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In a household where yuletide tradition goes unobserved, how do you plan for an unexpected get-together with the whole clan?
By Dorothy Diaz
How are we going to spend Christmas? What are we going to do? Who will we be with and where will we go?
The questions raced around my head, and out of my mouth.
“Can you please calm down!” I heard a scream, almost followed by a smack on my head. My mom’s polite way of shutting me up.
She has a loud voice and a quick hand and is always ready to smack one of us, so I ducked even though her hand wasn’t raised. Better to be safe than sorry.
My mom is a very kind, loving and supportive woman. That’s how the neighbours and the rest of the world see her. We, her kids, are the wiser, though!
We have learnt to have quick reflexes. Our ducking skills are at professional levels. The Matrix casts pretend, but we live it.
My mom firmly believes that to spare the rod is to spoil the child. By her reasoning, that’s why we have such good manners.
Too bad she never literally spoilt us with Christmas gifts, a Christmas tree, the belief in a Father Christmas, etc.
All these festive traditions were fairy tales and lies we were cautioned never to believe. We were taught to give to others instead and to do something for someone less fortunate during the festive season, especially on Christmas Day.
“Thou shalt not want!” This was repeated into our ears and we could not block it out. We learned to live it and eventually loved it.
Some of us loved giving to others so much, that it was all we wanted to do. I remember my younger sister giving her clothing to a homeless shelter, leaving her with only one outfit when she was 11 years old.
The message was clear, and the value was learnt. We passed these values and ways of living on to our own children. We are cheerful givers, some more cheerful than others.
We got gifts as awards for good behaviour and good academic achievements, just not at Christmas time.
Our Christmas tradition was to gather at a women’s shelter in downtown Joburg on Christmas day. The shelter caters for abused women and their children.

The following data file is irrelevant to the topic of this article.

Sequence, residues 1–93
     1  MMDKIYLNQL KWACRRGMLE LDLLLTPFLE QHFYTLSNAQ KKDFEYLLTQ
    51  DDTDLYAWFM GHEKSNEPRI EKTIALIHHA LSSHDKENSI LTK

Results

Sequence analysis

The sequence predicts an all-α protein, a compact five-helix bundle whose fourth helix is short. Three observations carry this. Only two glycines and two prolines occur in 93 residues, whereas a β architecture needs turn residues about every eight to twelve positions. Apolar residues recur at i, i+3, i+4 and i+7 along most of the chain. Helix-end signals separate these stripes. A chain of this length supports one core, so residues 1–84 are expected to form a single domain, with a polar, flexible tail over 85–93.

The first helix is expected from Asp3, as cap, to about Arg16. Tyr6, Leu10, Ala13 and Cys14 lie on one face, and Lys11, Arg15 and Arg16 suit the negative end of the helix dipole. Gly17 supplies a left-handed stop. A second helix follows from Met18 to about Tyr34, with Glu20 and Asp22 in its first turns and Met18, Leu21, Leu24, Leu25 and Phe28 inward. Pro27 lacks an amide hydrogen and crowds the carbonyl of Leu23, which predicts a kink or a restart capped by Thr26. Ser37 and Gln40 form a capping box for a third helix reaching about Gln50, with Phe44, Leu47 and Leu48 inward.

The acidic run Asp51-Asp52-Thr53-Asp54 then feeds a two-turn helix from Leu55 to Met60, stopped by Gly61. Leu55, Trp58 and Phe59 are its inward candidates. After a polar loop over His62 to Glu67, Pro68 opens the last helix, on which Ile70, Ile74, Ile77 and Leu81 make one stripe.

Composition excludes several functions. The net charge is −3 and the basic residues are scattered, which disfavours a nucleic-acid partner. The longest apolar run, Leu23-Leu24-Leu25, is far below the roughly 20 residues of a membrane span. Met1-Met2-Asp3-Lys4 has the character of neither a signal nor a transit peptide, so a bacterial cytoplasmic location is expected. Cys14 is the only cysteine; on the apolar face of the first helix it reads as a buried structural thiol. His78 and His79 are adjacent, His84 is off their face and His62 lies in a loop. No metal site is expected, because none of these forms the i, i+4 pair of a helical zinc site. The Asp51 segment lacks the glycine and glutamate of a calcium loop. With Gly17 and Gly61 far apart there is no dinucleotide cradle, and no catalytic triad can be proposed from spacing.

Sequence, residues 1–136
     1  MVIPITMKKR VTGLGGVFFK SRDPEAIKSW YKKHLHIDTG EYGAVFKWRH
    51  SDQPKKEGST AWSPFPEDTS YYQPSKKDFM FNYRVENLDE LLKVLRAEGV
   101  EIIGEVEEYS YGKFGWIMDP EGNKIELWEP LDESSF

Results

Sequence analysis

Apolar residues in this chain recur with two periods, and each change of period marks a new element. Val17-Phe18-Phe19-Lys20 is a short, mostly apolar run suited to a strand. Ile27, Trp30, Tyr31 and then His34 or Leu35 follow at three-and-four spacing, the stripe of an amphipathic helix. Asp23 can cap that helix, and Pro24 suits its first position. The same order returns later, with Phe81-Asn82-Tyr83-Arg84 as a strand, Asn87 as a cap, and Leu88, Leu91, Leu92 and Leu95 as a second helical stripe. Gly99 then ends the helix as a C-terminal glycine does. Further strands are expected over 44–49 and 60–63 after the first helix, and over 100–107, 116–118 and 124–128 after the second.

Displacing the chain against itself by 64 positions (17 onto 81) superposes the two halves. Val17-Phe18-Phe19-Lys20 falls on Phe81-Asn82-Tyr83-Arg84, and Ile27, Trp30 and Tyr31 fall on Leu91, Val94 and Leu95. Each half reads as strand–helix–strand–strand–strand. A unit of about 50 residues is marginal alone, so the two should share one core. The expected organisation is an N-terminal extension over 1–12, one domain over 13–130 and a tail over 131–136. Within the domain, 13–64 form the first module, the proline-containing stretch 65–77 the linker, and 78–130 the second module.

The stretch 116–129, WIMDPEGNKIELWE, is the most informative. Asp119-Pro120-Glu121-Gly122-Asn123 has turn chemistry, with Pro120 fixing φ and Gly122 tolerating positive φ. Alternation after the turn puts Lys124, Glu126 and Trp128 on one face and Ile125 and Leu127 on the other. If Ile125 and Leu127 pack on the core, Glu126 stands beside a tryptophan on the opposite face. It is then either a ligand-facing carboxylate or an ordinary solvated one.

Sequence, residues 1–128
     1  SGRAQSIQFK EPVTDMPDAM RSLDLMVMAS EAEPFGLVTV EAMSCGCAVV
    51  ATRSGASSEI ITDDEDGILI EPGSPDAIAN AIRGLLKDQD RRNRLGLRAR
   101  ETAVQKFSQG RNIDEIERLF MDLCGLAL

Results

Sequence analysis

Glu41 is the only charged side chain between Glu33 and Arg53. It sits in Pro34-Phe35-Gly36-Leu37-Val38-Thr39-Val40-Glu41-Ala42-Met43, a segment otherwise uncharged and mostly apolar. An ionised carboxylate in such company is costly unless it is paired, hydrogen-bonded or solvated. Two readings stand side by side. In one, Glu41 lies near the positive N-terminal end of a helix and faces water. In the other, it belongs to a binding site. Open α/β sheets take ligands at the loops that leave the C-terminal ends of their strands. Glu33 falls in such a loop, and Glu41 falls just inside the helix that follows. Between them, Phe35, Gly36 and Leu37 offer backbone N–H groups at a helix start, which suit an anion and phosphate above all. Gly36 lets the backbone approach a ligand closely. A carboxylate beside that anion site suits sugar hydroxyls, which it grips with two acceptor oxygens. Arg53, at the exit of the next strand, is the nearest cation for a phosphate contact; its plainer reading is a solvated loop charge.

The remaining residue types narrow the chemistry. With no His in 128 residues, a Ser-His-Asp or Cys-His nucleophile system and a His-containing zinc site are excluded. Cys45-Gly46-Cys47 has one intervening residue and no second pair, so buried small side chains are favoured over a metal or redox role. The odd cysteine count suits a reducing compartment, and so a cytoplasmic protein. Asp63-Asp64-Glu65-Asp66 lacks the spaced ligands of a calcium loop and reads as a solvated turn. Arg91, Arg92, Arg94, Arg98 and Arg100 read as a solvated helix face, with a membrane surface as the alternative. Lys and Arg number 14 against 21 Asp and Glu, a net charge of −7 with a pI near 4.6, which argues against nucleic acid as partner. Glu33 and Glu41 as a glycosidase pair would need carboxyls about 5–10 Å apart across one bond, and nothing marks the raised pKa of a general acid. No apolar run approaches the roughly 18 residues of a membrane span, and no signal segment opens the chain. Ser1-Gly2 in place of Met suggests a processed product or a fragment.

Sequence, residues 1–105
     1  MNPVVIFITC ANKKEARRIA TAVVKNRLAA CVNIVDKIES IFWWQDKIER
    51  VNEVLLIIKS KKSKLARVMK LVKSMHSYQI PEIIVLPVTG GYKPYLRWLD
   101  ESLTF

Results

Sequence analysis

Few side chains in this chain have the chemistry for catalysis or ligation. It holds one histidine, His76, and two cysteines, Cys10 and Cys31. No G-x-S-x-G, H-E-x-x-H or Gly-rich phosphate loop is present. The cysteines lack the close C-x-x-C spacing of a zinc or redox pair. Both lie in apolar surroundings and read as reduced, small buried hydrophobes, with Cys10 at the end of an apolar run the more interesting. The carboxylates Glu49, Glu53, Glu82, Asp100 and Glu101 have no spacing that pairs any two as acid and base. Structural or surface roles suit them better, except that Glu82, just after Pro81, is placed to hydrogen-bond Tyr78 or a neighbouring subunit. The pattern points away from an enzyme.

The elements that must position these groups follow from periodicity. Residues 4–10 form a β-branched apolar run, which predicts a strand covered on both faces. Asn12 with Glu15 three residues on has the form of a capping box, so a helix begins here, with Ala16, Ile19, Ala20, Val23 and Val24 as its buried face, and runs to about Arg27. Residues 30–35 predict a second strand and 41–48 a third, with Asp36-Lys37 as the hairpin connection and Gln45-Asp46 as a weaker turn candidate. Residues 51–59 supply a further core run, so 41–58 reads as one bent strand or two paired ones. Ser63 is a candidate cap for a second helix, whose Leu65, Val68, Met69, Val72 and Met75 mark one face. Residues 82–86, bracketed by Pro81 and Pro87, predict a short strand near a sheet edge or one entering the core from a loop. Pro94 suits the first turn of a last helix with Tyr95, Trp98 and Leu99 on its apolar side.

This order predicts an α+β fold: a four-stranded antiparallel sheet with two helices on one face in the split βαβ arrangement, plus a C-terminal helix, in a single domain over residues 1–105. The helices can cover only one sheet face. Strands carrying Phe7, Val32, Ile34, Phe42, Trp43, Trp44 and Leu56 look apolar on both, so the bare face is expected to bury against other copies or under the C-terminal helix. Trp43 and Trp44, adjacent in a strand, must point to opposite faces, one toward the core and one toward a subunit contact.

It gives them a place to reside until they can get back on their feet. We would have breakfast with the ladies, huddle around, and talk about the crises we endure as women.
We would give each other advice and educate our children on the do’s and don’ts of relationships, in our attempts to make them better women and men.
We may not be qualified to give each other advice, but our real-life experiences are true lessons. This was our “Dr Phil” moment with each other.
But since the breakout of COVID-19, we were told we could not visit the shelter until further notice. Our visit to the shelter is seen as a public gathering, subject to lockdown restrictions.
So we have to revert to a plan B. What will we do now? Where are we going?
My siblings and I glare at my mom, waiting for an answer, since she never let us celebrate Christmas the “normal” way. I have one biological brother, two adopted sisters, one adopted brother and a teenage son.
Mom is the head of our household and we go to her for answers that affect the entire family. My dad is a non-traditional man. He would take us to school, feed us, and do all the things moms were supposed to do with their daughters, plus all the things dads are supposed to do with their sons, which probably contributed to our boyish ways.
We would do the garden with him, cook meals, play soccer, learn to fix cars and make boy toys from scrap. There was no separation of gender roles in our house.
A chore was a chore and if it was your turn, best you get it done, or mom would come home and smack you.
“We are waiting for you to tell us what to do!” My younger sister yelled. She is the youngest and loudest of the pack.
She usually speaks out of turn too, and usually gets most of the smacks. But still she braves on! She is our Shera, Princess of Power.
We were all frustrated and wanted to know what we would do on Christmas day. The answer: we would spend the day at my house.
“We will all go to Dee’s house,” said my mom. “She can get us a Christmas tree and we will just exchange gifts like normal families do.”
So now I find myself Googling “normal” things to do with my family on Christmas day. I am researching where to find a Christmas tree, downloading Christmas recipes, and creating a Christmas to-do list.
It means that my siblings, and all their toddlers, plus my son, will be occupying my house for an entire day. A family gathering never seen before.
I’m freaking out, because I have no idea how things will turn out. The sentiment will not be the same as it was when we were at the shelter. But still, I can smile, knowing we will all be together on Christmas day.
- This article first appeared on the Change Exchange, an online platform by BrightRock, provider of the first-ever life insurance that changes as your life changes. The opinions expressed in this piece are the writer’s own and don’t necessarily reflect the views of BrightRock.
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